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Planner1 last won the day on March 5 2023

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About Planner1

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  1. You’re entitled to your opinions. My observation is that wherever you go, people have the same complaints about their local authorities. They tend to think their council / MCA etc is incompetent, that their roads are in the worst condition, that their public transport is the worst etc. I have dealt with a lot of local authorities of differing sizes across several regions. Their resources, and often level of competence, tends to be in proportion to their size (ie population) which directly influences the amount of funding they have. This council here were backed into a corner really on highway maintenance. The only way they were going to get the money to fix the roads was through a PFI contract, so that’s what they did. You might criticise the way they funded highway maintenance before the Amey contract. I wasn’t involved in maintenance, but years ago my boss at the council used to tell me that the council used to get the maintenance funding from the government in what was known as a block grant, along with money for other functions. It wasn’t ring fenced, so they didn’t have to use it for the purpose given. I was told that for a number of years they used a proportion of the maintenance money to fund other stuff. I never saw the details, so can’t confirm if that was true, but the manager had no reason to lie. Basically central government underfunds local government in a major way. That’s why many local authorities across the country are pretty much bankrupt. Local authorities are always having to prioritise spending, there’s never enough money. Some think the private sector would do things better. Amey are private sector, are they better?
  2. Sounds like you are constantly trying to criticise the council. I’m pointing out a fact to you. The contract will not be couched in those terms. The roads condition in general did improve significantly over the investment period ( when the major amount of resurfacing was done). My own observation would be that overall condition is now deteriorating and in some places is as bad or possibly worse than before Amey took over. Difficult to say with any accuracy as it’s been a good few years. Amey / the council will have records of overall condition as they carry out periodic monitoring with special vehicles.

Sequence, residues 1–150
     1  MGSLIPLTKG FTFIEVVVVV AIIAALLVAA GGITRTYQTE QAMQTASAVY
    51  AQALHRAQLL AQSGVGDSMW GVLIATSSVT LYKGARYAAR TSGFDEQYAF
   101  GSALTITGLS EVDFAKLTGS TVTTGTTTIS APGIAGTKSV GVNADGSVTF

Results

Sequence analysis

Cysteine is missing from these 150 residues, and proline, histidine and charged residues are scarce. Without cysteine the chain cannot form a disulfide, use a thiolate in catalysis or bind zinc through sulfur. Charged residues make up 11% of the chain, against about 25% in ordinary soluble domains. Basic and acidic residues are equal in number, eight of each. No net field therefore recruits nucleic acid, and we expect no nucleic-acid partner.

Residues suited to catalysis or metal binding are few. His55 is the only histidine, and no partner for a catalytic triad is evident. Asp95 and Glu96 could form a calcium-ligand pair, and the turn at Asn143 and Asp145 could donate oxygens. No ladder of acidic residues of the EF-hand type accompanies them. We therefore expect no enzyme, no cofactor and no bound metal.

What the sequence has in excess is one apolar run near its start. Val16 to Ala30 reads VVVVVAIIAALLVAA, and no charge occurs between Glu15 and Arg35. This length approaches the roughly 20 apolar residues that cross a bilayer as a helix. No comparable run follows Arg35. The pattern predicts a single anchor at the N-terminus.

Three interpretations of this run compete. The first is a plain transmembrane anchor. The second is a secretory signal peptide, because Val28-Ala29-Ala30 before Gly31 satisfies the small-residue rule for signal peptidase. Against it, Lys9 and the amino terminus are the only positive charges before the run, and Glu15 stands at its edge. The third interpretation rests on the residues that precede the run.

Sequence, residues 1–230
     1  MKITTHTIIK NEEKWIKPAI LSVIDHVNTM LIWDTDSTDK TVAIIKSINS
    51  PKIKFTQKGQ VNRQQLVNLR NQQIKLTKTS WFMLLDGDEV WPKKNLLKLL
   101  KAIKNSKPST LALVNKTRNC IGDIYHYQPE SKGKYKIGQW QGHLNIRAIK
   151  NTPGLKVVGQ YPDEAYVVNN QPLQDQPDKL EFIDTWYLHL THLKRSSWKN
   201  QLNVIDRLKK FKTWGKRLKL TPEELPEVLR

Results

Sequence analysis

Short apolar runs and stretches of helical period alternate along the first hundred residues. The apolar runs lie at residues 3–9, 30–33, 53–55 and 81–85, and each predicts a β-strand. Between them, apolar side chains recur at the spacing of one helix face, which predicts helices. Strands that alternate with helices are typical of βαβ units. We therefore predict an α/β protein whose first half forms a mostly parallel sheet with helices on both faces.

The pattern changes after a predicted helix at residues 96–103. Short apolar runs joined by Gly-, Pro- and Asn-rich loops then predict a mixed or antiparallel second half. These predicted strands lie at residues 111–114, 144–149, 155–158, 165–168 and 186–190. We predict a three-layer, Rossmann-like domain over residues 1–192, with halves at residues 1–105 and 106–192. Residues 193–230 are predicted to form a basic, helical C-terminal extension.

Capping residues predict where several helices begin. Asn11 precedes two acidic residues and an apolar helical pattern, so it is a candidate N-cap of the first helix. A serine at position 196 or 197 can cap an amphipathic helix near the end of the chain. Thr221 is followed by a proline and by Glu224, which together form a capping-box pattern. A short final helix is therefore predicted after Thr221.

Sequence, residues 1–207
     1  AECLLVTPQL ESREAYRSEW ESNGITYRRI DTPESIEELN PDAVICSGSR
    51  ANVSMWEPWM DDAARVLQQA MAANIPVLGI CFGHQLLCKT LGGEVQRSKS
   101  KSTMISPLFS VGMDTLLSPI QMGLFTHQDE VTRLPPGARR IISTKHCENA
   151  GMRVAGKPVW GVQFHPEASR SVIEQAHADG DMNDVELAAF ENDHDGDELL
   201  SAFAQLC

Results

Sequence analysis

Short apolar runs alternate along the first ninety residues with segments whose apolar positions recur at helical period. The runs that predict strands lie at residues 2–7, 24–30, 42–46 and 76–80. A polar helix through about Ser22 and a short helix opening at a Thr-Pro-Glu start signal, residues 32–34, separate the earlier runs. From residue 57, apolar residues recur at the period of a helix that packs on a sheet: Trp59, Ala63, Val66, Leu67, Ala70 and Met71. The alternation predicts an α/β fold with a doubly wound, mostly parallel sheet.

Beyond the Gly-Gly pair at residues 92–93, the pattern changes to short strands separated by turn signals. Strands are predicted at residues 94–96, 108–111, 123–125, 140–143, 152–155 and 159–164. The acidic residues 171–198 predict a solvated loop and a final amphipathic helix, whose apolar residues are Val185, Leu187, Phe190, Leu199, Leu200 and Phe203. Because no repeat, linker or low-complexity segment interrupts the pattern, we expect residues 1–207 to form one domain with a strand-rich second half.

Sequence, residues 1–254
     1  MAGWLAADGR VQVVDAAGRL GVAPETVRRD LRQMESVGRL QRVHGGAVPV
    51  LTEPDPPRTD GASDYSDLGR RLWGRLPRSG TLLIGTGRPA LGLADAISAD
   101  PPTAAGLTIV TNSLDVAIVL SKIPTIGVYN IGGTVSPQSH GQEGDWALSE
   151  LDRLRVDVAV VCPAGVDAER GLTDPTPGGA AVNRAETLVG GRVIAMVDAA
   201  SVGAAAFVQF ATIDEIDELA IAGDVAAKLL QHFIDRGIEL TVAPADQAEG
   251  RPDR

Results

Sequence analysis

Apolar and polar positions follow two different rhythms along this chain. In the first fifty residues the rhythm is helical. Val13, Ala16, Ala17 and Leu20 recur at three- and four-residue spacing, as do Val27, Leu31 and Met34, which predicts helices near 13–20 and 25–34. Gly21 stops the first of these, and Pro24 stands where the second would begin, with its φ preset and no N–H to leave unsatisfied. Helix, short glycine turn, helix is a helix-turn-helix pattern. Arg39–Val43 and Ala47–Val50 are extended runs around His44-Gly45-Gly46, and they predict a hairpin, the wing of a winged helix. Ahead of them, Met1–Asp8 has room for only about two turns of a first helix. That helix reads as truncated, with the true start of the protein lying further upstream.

3. I bet it doesn’t say those words in the contract specification.
  4. No matter how widely you publicise something, people will claim they never saw it. On bus gates, when the council introduce enforcement at one, they have a period of weeks where they give out warning notices instead of fines, so people who use the route frequently will get a warning. The signs are big and very obvious and have to be compliant with government signing regulations in order to be enforceable. If people want to appeal a fine there’s a regulated process that includes the appeal being heard by a completely independent adjudicator ( a barrister). My experience of adjudicators is that they tend to allow an appeal if there is any reason at all they can find to let the motorist off. Many appeals are successful. The picture on private land parking enforcement is rather different and not a great comparison.